PENANG: A Universiti Sains Malaysia (USM) professor hopes to trace the 16,000km trail of the polar tern (from the gull family), the only known bird species to migrate between the Arctic and Antarctica each year.
School of Biological Sciences dean Professor Mashhor Mansor said he wanted to study the bird’s habitats along its flight path from the Arctic islands, North America, Mexico, South America and onwards to the Antarctic coast.
“Equipped with strong wings, this bird of Arctic origin is a biological wonder which depends on hot air currents to fly long distances.
“Like a weatherman, it seems to be able to read the weather and its changes by knowing just the right time to fly,” he said in an interview at the Second Life Sciences Postgraduate Conference in USM.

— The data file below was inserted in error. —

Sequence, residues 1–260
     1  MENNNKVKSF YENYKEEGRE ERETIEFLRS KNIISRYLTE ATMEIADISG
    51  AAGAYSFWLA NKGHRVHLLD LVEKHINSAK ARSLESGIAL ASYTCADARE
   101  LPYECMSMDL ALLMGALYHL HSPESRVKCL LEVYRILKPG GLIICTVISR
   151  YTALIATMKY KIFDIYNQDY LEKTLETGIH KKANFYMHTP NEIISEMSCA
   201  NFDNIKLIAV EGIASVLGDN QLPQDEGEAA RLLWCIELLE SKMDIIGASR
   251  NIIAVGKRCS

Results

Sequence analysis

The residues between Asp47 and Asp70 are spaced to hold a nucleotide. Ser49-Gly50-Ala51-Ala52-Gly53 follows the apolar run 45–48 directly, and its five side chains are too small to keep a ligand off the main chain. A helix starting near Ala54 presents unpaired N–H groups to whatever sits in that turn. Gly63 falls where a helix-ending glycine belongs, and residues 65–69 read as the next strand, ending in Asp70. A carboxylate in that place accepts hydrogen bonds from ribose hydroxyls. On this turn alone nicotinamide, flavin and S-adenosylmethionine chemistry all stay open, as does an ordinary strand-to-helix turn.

The three-day conference, which ends today, features over 100 papers by some 50 researchers from Thailand, Indonesia and Singapore.
Prof Mashhor said during the winter period in the northern hemisphere, the bird would start flying in groups from the Arctic towards the Antarctica which would be experiencing summer.
He said the bird was a biological indicator as it knew the best areas to nest and feed during the three-month journey where its main “airports” or nests were at lake areas.
“Thus, if these lakes are not well conserved, the world will soon lose this unique bird species,” Prof Mashhor said, adding that he would meet with several scientists from Norway, Germany and Finland next month to gather more information.
He said he would soon start sourcing funds for the research, which he hoped to kick off within the next two years.
Last year, Prof Mashhor embarked on a month-long expedition to Antarctica to study its ecosystem with special focus on bird-droppings.
He joined 20 scientists and 20 military commandos, mostly Argentineans, on board the icebreaker Almirante Iriza,r which stopped at nine Argentinean research stations on the western coast of the white continent.